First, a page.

Trapped Inside the Box

In yesterday's exercise, we saw that thinking outside the box was important, but that certainly doesn't mean thinking inside the box isn't important. It is often useful to quickly classify someone or something based on a small set of criteria which may or may not give an accurate description of said person. Its very similar to the information filtering Umberto Eco spoke about in that interview I posted a while back. In certain situations, we absolutely must revert to simple mental models just to filter all the information coming in to us. It doesn't matter how imperfect that filter is, we just need something or else we won't accomplish anything. I'm also fascinated by the ingenuity of people who are forced to think within a box (and the ways they work around it). My favourite example is Isaac Asimov's 3 Laws of Robotics:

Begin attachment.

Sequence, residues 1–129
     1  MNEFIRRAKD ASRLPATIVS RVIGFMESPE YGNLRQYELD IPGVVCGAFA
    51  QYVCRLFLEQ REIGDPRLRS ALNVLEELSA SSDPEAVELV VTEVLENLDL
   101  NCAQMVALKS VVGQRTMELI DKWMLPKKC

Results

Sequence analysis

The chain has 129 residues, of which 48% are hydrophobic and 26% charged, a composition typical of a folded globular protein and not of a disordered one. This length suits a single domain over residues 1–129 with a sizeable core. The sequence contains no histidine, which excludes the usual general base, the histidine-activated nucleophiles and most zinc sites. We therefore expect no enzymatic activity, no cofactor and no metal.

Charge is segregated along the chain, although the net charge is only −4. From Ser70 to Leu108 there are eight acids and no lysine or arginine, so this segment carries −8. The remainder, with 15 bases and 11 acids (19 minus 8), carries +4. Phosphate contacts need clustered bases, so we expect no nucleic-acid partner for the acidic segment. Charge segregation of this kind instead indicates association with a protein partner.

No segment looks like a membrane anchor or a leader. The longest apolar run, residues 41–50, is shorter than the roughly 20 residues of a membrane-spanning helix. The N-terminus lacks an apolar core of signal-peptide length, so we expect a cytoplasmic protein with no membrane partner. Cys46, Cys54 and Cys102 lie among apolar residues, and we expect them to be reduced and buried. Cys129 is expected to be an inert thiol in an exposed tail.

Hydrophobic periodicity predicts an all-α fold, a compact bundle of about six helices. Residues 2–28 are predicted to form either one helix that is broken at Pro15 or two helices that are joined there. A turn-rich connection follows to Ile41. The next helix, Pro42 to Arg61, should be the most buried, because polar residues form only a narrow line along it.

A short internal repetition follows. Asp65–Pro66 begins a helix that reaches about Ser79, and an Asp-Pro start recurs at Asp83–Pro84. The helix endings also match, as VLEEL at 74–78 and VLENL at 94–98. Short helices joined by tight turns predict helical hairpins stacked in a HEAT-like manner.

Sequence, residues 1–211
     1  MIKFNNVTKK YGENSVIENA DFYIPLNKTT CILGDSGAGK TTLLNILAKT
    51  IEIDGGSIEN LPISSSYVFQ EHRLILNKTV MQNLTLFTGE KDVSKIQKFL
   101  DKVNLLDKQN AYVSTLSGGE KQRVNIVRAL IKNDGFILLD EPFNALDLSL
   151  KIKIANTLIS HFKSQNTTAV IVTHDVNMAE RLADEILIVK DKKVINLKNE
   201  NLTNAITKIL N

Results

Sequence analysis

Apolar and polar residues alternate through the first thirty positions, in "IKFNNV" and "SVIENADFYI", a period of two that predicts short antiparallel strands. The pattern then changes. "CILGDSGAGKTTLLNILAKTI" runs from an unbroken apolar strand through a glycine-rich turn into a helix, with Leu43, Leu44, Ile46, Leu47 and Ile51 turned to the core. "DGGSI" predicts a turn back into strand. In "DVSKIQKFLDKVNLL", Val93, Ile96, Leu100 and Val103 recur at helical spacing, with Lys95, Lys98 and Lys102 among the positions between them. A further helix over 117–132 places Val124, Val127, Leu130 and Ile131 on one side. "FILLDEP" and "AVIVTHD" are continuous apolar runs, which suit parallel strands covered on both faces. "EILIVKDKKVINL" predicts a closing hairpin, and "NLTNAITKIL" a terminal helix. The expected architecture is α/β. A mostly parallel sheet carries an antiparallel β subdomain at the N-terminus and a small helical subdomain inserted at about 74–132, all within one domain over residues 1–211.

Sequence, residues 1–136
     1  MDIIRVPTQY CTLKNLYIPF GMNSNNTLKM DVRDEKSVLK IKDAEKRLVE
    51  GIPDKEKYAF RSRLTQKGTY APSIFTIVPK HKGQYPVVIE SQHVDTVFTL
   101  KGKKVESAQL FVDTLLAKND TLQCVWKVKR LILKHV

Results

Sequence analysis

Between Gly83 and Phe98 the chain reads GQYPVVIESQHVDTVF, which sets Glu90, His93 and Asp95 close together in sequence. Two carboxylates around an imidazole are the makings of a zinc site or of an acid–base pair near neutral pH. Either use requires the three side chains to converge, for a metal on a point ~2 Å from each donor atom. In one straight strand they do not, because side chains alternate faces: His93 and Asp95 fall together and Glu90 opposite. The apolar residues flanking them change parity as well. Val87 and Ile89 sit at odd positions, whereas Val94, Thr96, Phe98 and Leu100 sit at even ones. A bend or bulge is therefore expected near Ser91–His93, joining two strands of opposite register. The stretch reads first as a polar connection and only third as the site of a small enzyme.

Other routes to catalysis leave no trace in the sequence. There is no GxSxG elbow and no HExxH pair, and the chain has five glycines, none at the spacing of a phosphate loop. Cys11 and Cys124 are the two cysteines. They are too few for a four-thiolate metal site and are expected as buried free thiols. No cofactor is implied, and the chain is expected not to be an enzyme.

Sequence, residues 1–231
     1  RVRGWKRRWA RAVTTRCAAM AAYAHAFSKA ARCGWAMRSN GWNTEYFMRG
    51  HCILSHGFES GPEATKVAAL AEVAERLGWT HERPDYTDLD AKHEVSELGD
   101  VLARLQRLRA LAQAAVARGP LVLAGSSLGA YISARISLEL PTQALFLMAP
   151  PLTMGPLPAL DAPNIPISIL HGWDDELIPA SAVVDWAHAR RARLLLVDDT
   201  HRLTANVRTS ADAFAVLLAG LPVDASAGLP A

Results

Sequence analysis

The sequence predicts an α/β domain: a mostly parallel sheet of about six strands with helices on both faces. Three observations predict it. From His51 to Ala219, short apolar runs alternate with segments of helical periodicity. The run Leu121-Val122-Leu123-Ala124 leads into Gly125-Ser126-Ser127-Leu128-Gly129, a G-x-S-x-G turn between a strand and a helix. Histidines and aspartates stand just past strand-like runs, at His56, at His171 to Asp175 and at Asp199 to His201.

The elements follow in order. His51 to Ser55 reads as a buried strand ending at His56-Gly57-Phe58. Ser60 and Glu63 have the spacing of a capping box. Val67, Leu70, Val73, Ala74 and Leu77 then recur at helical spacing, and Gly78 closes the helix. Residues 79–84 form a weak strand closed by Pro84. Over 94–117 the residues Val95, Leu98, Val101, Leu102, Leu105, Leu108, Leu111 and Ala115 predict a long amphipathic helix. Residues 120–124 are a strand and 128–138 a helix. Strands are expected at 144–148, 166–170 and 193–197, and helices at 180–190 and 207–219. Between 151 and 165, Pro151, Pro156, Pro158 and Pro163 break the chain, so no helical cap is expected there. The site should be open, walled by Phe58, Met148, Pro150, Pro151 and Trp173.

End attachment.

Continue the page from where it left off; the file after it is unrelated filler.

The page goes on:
1. A robot may not injure a human being or, through inaction, allow a human being to come to harm.
  2. A robot must obey the orders given it by human beings except where those orders would conflict with the First Law.
  3. A robot must protect its own existence except where such protection would conflict with the First and Second Law.
In Asimov's Robot Novels, he figured out all sorts of clever ways to work around those rules he created. In pushing the limits of the 3 Laws, Asimov was not only working within a box, but also making it an enjoyable experience for the reader. Of course, later in the series, Asimov begins to think outside the box and expands his scope a little, but that doesn't make his 3 Laws obsolete, just more impressive.